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The Rise And Fall Of Max Kepler

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A season has many peaks and valleys. Kepler is in a valley right now.

Minnesota Twins v Detroit Tigers Photo by Duane Burleson/Getty Images

Max Kepler, the rookie from Berlin, has been one of the bright spots for the Twins in 2016. We ranked him as our 3rd best prospect going into this year.

In April he didn't do much, and was sent down to AAA on April 24th. On June 1st, Miguel Sano was injured and Max was called up to replace him. During the month of June, Kepler started to figure some things out at the plate. He hit his first homer, and batted .255/.324/.447.

Those stats are pretty good, but in the month of July (+ change), Kepler caught on fire. Here's some numbers to gawk at:

PA AB H 2B 3B HR RBI BB SO BA OBP SLG OPS BAbip
121 103 29 2 2 12 33 16 17 0.282 0.375 0.689 1.064

0.227

The power from Kepler was unexpected at this early stage of his career. In 508 minor league appearances in 2015, he hit just 9 homers (56.4 PA/HR). He did that and then some in less than a fourth of the chances in July.

Since that terrific series in Cleveland, the numbers have plummeted, though. (Stats through 9/22)

PA AB H 2B 3B HR RBI BB SO HBP BA OBP SLG OPS BAbip
174 157 30 5 0 1 12 13 39 1 0.191 0.253 0.242 0.495 0.242

This stretch includes a strikeout percentage of 22.4. That's an 8 point jump from 14% in July. It's a rather dramatic drop off, nearly cutting his OPS in half.  You'll notice the lack of HR, contributing to the low SLG%, and an ISO of just 52. I have a few theories about why he's slumping so much:

  • Pitchers adjusted to him. Max appears to struggle with pitches up and in, and also left handed pitchers. I don't have hard numbers here (I don't want to pay for access to stats) but maybe he's seeing more of those.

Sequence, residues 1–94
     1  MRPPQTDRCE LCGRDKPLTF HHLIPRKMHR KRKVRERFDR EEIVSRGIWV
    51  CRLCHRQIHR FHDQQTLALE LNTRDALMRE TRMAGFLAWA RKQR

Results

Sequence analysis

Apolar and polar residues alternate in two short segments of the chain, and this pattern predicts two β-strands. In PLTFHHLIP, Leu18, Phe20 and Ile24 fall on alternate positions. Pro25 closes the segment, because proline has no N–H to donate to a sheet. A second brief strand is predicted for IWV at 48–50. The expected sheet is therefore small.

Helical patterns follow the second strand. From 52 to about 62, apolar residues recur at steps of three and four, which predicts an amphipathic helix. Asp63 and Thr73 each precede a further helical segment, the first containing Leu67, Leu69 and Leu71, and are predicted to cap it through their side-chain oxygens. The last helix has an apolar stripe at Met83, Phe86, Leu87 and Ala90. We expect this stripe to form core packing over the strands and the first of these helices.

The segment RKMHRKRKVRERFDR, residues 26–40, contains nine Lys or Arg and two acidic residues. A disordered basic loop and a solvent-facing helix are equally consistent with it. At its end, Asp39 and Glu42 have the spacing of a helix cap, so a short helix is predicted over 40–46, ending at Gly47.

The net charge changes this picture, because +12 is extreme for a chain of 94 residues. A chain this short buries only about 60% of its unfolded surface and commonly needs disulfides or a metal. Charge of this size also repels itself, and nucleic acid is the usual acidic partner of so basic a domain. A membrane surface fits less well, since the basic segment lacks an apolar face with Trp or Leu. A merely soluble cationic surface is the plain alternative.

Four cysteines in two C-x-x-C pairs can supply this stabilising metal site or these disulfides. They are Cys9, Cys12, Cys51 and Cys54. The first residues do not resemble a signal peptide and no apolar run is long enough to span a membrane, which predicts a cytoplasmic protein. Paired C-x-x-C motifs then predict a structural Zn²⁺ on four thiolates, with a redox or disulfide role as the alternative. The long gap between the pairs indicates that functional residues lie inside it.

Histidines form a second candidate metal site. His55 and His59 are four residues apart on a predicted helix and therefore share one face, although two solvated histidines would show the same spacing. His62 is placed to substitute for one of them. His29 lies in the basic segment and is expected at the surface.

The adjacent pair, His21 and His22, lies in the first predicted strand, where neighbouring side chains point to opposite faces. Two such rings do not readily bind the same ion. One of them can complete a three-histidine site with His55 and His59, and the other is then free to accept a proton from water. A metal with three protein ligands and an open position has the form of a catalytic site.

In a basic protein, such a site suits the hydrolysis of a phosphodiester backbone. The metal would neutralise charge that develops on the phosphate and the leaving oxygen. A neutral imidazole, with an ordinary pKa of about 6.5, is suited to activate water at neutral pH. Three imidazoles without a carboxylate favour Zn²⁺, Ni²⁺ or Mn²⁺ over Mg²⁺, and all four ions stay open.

• He’s trying too hard. His stats in July were unsustainable and as he tried to keep the hot streak going he started to lose focus and timing.
  • There’s some undisclosed injury going on. The sudden drop off, and this is the Twins, makes me wonder. That said, this is less likely than the first two.

I’m by no means a hitting coach, and I’m not sure what to look for in the analytics to diagnose the problem, so I don’t have much to go on. The true reason is probably some combination of these theories. Like I said before the break, baseball is a season of peaks and valleys, Max is in a valley. So, is it time to press the "RUINED" button on Kepler? Not at all. In fact, he is one of the reasons why I’m still excited for the Twins future. This stuff happens with rookies quite often.

He isn't broken, and since he's still just 23 has plenty of room to develop more. His triple slash sits at .232/.307/.422, and while it isn't as impressive as the .907 OPS he was sporting at the end of his hot streak, it isn't terrible. I suspect Kepler may start next year in Rochester, though, unless he has a great spring training.

Hopefully, he can finish the last week of 2016 strong.